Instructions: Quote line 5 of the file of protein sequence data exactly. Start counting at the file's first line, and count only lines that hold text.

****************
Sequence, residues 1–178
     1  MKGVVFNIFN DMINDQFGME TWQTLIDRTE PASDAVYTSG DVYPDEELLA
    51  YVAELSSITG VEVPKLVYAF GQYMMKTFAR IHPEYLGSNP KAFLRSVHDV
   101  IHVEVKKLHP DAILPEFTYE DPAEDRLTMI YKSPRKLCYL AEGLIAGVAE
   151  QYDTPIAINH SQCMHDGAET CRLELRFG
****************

   151  QYDTPIAINH SQCMHDGAET CRLELRFG